Rafael Hui

Fall of 'king of strategy'

PUBLISHED : Friday, 30 March, 2012, 12:00am
UPDATED : Thursday, 11 June, 2015, 4:06pm


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He briefly worked with the graft-busters during the Independent Commission Against Corruption's toughest days in the 1970s. But yesterday, former chief secretary Rafael Hui Si-yan found himself on the other side of the fence, as a target of an ICAC investigation.

With political nous that earned him the nickname 'king of strategy', the 64-year-old veteran civil servant was seen as the most trusted aide to Chief Executive Donald Tsang Yam-kuen, who entrusted him with the city's No2 job after he was elected in 2005.

Tsang described Hui - who kept a deliberately low profile at the helm of Tsang's administration - as someone he could work well with, with the seniority to lead the governing team.

He was also seen as a close friend of his successor as chief secretary, Henry Tang Ying-yen, and observers were shocked that he was not named as a key strategist in Tang's ill-fated campaign for chief executive.

His arrest yesterday, along with brothers Thomas Kwok Ping-kwong and Raymond Kwok Ping-luen of the Sun Hung Kai Properties empire, rocked the city.

Hui, who is said to have advised Tsang during the 1997 Asian financial crisis to take action and stabilise the market, had hoped to be remembered as Hong Kong's steady hand in a time of crisis. Now his otherwise luminous career appears to be in ruins.

James Sung Lap-kung, a political observer at City University, said the corruption investigation was a severe blow to Hui's reputation as well as that of the government.

'Coupled with what happened to Tsang, who is also under investigation by the ICAC for receiving hospitality from tycoons, the two most powerful people in the government [from 2005 to 2007] have been involved in corruption allegations. It's inevitable the public will cast doubt on the government's determination to remain clean,' Sung said.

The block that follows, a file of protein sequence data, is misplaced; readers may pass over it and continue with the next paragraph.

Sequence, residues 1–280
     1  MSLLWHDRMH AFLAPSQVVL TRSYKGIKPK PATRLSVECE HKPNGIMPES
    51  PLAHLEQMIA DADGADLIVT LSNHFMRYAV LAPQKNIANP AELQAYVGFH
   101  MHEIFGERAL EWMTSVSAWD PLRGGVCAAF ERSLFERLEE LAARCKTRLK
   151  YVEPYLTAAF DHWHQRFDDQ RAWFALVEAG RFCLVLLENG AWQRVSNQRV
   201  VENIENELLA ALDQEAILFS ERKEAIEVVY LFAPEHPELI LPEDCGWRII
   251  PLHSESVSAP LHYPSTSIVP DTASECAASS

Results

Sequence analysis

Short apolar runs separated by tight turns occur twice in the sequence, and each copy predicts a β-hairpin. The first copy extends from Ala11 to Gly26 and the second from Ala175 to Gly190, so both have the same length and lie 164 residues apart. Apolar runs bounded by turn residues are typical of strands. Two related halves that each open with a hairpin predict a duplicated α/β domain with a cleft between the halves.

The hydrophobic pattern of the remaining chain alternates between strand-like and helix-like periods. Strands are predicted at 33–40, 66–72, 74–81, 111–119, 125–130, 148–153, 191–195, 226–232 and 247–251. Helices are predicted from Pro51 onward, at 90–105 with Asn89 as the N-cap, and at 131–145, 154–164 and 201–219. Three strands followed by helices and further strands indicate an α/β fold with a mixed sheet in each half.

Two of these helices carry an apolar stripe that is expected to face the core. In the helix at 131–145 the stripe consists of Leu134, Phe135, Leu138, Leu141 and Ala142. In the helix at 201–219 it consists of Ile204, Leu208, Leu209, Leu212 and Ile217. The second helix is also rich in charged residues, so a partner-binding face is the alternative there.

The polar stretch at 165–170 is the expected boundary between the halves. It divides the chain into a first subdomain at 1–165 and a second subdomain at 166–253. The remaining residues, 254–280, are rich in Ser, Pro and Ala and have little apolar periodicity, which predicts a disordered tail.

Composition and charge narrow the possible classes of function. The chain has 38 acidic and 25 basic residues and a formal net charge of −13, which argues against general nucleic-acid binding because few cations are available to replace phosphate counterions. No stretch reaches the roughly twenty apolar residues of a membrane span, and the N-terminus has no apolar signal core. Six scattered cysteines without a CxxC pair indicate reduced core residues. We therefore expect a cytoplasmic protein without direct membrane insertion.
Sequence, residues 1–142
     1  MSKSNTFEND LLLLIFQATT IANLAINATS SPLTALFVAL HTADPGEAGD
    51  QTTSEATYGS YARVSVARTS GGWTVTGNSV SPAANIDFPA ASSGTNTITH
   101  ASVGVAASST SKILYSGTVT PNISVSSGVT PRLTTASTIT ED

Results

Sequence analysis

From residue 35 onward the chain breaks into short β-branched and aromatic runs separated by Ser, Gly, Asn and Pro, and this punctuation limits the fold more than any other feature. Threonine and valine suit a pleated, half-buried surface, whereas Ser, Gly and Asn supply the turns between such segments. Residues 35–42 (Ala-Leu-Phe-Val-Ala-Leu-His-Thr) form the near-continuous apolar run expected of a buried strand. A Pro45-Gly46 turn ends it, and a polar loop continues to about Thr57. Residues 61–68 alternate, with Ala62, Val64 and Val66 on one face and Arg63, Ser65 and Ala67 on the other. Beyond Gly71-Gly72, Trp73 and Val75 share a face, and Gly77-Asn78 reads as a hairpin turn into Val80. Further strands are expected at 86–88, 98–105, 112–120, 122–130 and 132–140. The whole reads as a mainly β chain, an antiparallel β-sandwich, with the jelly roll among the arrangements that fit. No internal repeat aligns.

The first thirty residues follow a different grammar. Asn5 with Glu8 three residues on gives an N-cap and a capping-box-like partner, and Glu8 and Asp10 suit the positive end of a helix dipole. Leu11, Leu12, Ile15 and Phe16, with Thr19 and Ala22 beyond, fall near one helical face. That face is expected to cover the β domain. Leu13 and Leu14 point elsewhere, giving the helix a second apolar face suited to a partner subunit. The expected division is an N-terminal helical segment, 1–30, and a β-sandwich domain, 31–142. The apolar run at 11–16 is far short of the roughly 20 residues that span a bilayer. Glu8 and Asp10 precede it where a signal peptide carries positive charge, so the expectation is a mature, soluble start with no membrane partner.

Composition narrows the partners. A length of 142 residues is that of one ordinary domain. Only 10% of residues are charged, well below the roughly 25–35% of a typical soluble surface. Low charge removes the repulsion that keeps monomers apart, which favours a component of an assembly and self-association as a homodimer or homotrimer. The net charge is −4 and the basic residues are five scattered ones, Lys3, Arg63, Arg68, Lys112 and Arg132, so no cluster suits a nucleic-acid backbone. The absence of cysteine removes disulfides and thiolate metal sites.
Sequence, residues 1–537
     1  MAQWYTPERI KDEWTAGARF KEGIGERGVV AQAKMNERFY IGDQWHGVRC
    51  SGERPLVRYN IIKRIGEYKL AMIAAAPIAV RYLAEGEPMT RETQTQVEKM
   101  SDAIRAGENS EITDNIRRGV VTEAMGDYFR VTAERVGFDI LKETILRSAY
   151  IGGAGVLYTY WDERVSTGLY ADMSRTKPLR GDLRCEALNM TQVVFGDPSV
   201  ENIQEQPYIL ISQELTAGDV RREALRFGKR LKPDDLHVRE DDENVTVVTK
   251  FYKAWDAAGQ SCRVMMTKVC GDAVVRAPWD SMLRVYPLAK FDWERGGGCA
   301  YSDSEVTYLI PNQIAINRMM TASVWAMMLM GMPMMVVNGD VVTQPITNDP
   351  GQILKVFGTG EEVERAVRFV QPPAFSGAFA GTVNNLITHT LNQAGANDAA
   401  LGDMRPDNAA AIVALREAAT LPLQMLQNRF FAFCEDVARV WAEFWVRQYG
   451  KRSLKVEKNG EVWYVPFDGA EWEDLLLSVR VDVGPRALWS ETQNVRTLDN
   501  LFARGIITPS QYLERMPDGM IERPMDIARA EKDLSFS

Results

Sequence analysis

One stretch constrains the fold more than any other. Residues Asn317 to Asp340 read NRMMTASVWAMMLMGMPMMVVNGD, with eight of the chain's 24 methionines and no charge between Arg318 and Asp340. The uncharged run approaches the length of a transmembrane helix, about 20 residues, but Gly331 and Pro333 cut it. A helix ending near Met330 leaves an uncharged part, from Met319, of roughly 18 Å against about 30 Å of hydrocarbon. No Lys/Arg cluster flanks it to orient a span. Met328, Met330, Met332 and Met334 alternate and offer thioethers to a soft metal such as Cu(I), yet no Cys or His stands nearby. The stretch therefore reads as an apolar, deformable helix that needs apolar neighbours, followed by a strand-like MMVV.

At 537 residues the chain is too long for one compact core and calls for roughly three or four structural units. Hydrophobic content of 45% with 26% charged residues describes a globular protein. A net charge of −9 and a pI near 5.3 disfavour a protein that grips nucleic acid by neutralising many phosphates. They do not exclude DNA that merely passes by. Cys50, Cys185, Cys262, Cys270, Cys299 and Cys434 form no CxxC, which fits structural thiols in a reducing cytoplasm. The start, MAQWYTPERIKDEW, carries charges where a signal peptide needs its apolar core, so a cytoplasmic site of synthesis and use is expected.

'Hui was born into an influential Macau family. The public might wonder if relations between the government officials and businessmen were too close.'

One former colleague said he was astonished to learn of Hui's arrest. 'Hui is obviously a very smart person. As a former colleague, I just hope he will be fine,' said Joseph Wong Wing-ping, who worked under chief secretary Hui as secretary for commerce, industry and technology.

Hui first quit the government in 2000 to lead the Mandatory Provident Fund Schemes Authority, before launching a political consultancy business in 2003. His ties with SHKP came to light in 2004, when he was hired to advise the developer on its tender for the West Kowloon arts hub project. He was also appointed to the board of Sun Hung Kai subsidiary Kowloon Motor Bus.

Hui began his climb through the civil service ranks in 1971 when he became a junior education officer after graduating from the University of Hong Kong. He worked his way up, via a spell in an administrative post with the ICAC, to oversee the construction of Chek Lap Kok airport in the 1990s, amid much wrangling between the British colonial administration and Beijing.